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Melanoma: Causes and Risks

August 27, 2021

Melanoma – Part 1

Seeing that it’s getting to be the end of summer and, as you all know, avoiding the sun is one of our favorite topics, we thought we’d dive into something related: Melanoma skin cancer. This is going to be a 2-part blog post because it’s really important to give you the full scoop.

While we primarily focus on the topical treatment of acne, we are ultimately a skin care company interested in helping people with all types of skin and skin conditions. No doubt sun exposure has adverse effects for acne-prone people by creating future breakouts and tanning dark spots darker. However, regardless of acne status, sun exposure has deeper and more serious consequences for every human on the planet.

Skin cancer – in particular Melanoma.

There are many types of skin cancer but the most serious by far is Melanoma because if left untreated or unnoticed it can be fatal. It is called Melanoma because it develops in the cells that produce melanin. Melanin is the pigment that gives your skin color.

There ARE cases where melanoma develops unrelated to sun exposure, for example a mole that you were born with can develop a melanoma. However, the primary cause of melanoma Is exposure to UV radiation from the sun.

How does a Melanoma form?

Melanin-producing cells are called melanocytes. When these skin cells are produced normally the new cells come to the surface and ‘push’ old cells to the surface to die off (side note – why exfoliating is great!). But when there is cellular, DNA-level damage to those cells caused from UV sun radiation, they don’t develop normally and grow out of control, producing a cancerous mass of cells. There are genetic reasons for this mutation but most dermatologists will agree the majority of melanoma is caused by UV damage to the skin.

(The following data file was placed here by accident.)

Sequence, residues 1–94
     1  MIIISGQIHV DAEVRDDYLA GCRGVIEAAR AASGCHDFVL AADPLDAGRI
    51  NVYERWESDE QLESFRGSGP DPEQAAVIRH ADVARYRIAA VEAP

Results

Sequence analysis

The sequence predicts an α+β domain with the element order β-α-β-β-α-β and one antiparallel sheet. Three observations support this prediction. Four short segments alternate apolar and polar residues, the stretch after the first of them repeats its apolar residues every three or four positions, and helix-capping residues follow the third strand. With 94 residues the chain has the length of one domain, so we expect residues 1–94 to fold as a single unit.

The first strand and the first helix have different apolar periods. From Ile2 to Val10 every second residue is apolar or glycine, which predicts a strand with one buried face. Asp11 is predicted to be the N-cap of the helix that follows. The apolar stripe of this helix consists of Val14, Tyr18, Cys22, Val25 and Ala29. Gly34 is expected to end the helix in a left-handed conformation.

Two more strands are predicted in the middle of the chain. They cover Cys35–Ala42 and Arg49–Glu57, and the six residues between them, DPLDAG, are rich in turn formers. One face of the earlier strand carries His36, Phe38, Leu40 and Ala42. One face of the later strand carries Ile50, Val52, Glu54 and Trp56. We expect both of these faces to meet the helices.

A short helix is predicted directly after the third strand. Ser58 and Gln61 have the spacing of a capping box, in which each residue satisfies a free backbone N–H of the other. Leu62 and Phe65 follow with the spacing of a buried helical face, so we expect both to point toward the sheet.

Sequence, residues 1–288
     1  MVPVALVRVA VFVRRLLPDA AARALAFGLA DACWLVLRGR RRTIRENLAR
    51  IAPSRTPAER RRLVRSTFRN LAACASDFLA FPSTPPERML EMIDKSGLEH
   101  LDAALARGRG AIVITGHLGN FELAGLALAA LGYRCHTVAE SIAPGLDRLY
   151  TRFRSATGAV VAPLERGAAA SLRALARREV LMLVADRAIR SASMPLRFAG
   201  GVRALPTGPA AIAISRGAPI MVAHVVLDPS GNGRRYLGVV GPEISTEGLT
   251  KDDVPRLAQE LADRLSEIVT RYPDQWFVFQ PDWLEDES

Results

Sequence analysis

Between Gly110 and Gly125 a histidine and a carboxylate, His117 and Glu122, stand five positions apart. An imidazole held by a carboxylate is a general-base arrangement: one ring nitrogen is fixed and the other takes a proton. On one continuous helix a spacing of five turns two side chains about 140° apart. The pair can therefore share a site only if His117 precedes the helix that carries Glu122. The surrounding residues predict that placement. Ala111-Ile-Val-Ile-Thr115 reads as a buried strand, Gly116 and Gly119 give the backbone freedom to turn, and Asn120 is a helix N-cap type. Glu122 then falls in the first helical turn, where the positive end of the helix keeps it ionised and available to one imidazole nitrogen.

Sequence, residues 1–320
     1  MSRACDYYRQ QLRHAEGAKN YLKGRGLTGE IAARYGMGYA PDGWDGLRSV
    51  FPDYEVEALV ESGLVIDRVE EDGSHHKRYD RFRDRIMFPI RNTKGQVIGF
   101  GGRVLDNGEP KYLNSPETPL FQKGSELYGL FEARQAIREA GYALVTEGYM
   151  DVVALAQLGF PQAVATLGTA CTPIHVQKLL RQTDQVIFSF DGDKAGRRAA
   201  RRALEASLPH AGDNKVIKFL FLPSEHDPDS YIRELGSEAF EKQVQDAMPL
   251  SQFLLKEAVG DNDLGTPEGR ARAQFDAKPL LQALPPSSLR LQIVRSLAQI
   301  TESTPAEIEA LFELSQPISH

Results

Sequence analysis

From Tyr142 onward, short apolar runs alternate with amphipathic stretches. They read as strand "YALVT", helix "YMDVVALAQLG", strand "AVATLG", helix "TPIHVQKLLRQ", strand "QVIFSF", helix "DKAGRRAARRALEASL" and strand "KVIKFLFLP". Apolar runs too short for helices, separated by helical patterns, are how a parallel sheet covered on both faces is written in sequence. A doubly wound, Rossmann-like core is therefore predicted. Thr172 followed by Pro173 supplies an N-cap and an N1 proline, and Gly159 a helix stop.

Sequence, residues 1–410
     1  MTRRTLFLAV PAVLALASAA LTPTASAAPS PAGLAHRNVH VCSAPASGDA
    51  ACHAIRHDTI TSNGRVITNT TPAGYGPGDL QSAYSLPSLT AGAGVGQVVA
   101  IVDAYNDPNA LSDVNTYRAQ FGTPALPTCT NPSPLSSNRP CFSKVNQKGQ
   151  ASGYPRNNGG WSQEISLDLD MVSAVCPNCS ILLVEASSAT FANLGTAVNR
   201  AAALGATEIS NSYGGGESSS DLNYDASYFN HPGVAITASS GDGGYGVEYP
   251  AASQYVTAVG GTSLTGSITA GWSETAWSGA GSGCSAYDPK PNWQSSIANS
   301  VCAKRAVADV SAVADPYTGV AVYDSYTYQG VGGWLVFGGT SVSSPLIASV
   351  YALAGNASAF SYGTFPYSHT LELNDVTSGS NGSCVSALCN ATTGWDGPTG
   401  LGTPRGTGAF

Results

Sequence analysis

Are you at risk?

Are you in the sun a lot? Then yes, you are at risk. Extremely high risk factors Include:

1/ Fair skin. When you are fair skinned, you have less melanin in your skin.  This means your skin is more susceptible to UV damage. The lighter your skin, eyes and hair means you should DEFINITELY be careful when outdoors. Sunscreen but even more importantly, shade! Wear long sleeves and a wide-brimmed hat at ALL times and even on days that aren’t blistering hot.

2/ Were you a sun worshipper in your youth? Did you get sunburned? The burns and extreme exposure to UV lights (even tanning beds count!) greatly increase your chance of getting melanoma.

3/ Moles. Or beauty marks – whatever you prefer. If you are mole-y, meaning over 50 moles on your body, then you too are at a higher risk of getting melanoma. Those pigment rich tiny spheres that sprinkle your body may be abnormal, resulting in a higher chance of having melanoma than your non-mole-y friends.

4/ Family history.  What this means is genetics. Ahhhh -genetics. Gotta love it. But if someone in your family has had melanoma, just like breast cancer and every other type of cancer, you need to be on the watch for it as well.

5/ Weakened immune system. This has not been as well studied as the other risks listed above BUT it has been proven for other types of cancer.  So it is safe to say that if your immune system is compromised, you should be vigilant for ALL types of cancer, including melanoma. When you have a healthy immune system, it hunts for abnormal cells and destroys them before they cause damage. When you have a compromised immune system, your body is less able to defend itself this way. Therefore, it’s been medically noted by doctors there is an increased rate of cancer in immunocompromised individuals.

You’ve reached the end of Part 1. Part 2 will follow shortly: Types of Melanoma and how to prevent and detect it.

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